However, many white tigers suffer from genetic disabilities including: crossed eyes, spinal problems, deformed kidneys, cleft palate, as well as club footedness. For example, Kim and Kumar at IEAS both have crossed eyes, which are the result of inbreeding that causes the optic nerve to connect to the opposite side of the brain.

This is Kim. She is seven years old and was given to IEAS with her sister Karen by her previous caregiver. As you can see her left eye is severely crossed due to the strong defects associated with inbreeding.

 Some studies suggest that white tigers can survive in the wild, considering they were found in the wild since the 1500’s, but the last white tiger to be found in the wild was shot in 1958. On the other hand, deleterious mutations such as those found in white tigers are highly disadvantageous for survival in the wild considering they do not blend in well in a tropical jungle environment causing them to be killed off. White tigers are also reported to live shorter lives due to their genetic complications, presuming they aren't rejected by their mothers and survive the birthing process. 

In June 2011 the AZA banned the breeding of white tigers, white lions, or king cheetahs and other species that express rare genetic traits due to the high correlation to debilitating genetic and physical issues. Therefore, the nine white tigers at IEAS are advocates for their species as their stories help to educate the public on how natural selection occurs and the large downstream effects that it can have on a population

Happy Birthday Prince!

On this day September 23, 2004 a handsome Prince was born. Prince was rescued from a property with over 300 other animals including our lovely Princess with whom he shares his habitat. He arrived at IEAS in 2011 and since then he has become a beloved part of the IEAS family. He enjoys getting in his pool even on cooler days and playing with his enrichment toys. Prince can usually be caught snuggling with Princess.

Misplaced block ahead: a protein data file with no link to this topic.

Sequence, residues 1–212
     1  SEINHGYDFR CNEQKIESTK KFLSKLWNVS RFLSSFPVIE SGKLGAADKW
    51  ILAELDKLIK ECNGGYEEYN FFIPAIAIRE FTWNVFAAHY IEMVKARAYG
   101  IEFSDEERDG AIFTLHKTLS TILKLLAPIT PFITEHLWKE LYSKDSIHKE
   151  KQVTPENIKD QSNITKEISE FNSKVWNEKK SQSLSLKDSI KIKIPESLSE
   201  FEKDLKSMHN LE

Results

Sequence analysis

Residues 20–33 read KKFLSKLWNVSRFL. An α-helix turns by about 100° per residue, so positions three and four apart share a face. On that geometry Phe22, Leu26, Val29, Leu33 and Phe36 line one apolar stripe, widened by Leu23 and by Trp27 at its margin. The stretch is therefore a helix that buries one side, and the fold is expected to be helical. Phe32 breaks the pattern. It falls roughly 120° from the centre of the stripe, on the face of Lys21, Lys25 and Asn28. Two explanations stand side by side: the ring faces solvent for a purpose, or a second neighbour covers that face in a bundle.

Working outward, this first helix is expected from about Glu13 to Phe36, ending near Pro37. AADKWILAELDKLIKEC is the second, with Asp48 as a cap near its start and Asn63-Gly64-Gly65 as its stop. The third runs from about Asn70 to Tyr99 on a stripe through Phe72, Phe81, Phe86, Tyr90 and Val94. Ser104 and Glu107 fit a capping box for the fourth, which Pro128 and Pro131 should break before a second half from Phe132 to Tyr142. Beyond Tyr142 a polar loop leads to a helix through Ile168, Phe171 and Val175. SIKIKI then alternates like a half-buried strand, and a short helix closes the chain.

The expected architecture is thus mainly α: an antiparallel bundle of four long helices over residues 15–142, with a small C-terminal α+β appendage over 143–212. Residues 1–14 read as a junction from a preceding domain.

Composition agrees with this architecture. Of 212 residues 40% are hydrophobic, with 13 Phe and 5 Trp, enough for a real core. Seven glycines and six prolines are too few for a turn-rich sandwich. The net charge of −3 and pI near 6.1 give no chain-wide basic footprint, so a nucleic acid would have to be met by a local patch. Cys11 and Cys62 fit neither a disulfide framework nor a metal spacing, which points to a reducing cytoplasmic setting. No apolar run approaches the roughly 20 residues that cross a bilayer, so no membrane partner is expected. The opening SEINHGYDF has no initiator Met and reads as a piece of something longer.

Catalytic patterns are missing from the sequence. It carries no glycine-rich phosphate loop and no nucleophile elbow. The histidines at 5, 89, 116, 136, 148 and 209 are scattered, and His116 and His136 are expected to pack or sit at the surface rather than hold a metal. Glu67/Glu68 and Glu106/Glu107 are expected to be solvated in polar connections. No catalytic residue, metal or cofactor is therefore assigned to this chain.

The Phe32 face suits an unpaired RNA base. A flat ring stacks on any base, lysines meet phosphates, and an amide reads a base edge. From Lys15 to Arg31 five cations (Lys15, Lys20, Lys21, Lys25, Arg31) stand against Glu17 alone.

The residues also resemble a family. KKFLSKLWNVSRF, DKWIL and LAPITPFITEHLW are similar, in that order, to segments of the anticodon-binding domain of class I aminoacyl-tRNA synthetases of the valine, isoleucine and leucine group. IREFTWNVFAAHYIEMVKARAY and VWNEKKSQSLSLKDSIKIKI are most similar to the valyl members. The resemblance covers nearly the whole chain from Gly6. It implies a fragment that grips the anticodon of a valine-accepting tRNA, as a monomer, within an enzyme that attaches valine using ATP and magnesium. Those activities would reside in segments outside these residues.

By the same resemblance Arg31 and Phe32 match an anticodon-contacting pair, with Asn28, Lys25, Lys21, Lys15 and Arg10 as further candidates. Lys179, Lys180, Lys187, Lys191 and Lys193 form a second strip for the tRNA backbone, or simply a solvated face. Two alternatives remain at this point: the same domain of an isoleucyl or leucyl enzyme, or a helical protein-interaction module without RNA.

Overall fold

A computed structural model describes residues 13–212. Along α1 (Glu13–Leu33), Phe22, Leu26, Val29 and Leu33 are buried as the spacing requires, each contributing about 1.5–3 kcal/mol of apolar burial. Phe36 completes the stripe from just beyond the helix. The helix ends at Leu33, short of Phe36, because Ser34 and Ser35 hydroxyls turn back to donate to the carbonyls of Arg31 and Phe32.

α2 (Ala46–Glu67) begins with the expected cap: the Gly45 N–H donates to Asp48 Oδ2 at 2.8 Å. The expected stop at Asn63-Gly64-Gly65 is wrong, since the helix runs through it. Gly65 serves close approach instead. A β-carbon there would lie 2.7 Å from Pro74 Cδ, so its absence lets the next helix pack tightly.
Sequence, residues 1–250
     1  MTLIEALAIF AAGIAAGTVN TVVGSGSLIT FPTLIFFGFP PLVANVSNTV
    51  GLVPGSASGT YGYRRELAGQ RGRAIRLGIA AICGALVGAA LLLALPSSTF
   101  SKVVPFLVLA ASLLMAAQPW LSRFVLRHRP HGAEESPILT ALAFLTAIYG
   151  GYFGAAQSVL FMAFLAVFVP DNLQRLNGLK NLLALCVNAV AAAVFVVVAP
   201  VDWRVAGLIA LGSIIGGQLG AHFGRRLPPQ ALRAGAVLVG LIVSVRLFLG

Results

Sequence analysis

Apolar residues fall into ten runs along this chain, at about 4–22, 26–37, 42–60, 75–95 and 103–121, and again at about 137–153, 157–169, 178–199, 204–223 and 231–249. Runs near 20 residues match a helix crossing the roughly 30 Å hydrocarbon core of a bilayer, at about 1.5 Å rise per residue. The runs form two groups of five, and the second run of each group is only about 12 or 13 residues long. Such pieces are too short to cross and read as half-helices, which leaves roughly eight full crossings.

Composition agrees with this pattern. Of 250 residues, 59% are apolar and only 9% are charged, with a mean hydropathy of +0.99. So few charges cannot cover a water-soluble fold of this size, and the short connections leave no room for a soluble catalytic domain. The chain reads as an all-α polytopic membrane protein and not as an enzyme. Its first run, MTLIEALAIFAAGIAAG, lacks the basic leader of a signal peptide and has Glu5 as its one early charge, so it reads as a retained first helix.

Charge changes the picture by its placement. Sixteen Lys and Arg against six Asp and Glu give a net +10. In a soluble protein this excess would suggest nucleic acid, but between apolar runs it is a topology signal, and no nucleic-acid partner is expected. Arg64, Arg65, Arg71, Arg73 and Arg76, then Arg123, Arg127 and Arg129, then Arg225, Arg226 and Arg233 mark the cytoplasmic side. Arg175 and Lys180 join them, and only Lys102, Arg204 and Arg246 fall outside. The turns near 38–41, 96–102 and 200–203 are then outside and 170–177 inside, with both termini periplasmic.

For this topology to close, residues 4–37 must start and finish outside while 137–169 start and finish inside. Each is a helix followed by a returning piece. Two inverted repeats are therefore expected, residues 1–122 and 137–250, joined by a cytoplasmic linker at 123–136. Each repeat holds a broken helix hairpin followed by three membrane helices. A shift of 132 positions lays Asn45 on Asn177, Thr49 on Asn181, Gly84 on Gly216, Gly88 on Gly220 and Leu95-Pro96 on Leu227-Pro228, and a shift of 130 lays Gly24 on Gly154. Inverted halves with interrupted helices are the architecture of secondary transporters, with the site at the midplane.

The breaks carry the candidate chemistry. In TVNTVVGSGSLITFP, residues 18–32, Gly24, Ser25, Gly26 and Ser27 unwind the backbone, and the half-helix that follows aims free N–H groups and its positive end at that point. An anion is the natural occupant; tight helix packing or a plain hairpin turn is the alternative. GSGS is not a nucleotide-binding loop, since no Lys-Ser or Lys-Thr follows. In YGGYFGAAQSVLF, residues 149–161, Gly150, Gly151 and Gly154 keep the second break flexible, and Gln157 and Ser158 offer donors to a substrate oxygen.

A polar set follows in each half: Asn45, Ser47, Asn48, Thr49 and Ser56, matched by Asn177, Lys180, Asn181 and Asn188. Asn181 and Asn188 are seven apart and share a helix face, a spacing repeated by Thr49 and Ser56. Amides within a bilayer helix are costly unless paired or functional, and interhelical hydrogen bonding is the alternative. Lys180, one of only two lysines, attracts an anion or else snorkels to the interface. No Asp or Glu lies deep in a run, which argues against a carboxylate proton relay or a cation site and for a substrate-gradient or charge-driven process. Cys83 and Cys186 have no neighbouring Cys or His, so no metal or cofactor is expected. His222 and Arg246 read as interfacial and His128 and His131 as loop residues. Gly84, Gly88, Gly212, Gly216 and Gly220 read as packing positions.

Unfortunately, due to habitat loss and human wildlife conflict tigers, like Prince, are declining in numbers in the wild. Through conservation and education efforts IEAS aims to inform the public about the different ways you can help save magnificent animals such as Prince. 

Happy 11th birthday Prince!!! :)

Friday, September 11, 2015

Meet Mau!

Meet Mau!

Mau is our resident cheetah!  He is almost 12 years old and has been with us since he was only five months old.  Cheetahs are notably the world’s fastest land mammal and the most endangered African cat.

So how do cheetahs reach such high speeds? They have several adaptations that allow them to reach speeds up to 70mph. They have an extremely flexible spine, giving cheetahs the ability to take a longer stride.  Their shoulder blades are not attached to the collarbone, also enabling the shoulders to move more freely. Finally, the hips pivot to permit the back legs to stretch farther apart when the body is fully extended. Unlike other cats, cheetahs have only semi-retractable claws and have harder, less rounded paw pads to allow for better traction, like the cleats of a track shoe. The cheetah’s tail is long and powerful so it can act as a rudder, stabilizing and acting as a counterweight so the cheetah can make sharp, sudden turns. All of these features combined enable cheetahs to have strides up to 23 feet with about four strides a second. Now that’s fast!

Unfortunately, cheetahs face multiple conservation issues in the wild. Habitat loss and fragmentation is a major concern in developing areas of Africa, as is interaction with humans. Livestock owners often unfairly blame cheetahs for the kills made by other large predators, such as hyenas, leopards and lions, resulting in the farmers trapping or shooting the cheetah. Illegal wildlife trading also contributes to a depleted cheetah population because cheetah cubs are being captured from the wild and smuggled out of Africa to become pets. They also face extreme competition from other African predators, who can often overpower a cheetah. Sadly, the result of these factors has been a decreased population, with only about 10,000 cheetahs remaining in the wild.

Luckily here at the sanctuary, Mau leads a good life.  He can be found roaming around his habitat or lounging in the shade.  Please come out and enjoy a tour where you can learn all about our animals and hopefully you can catch a glimpse of Mau!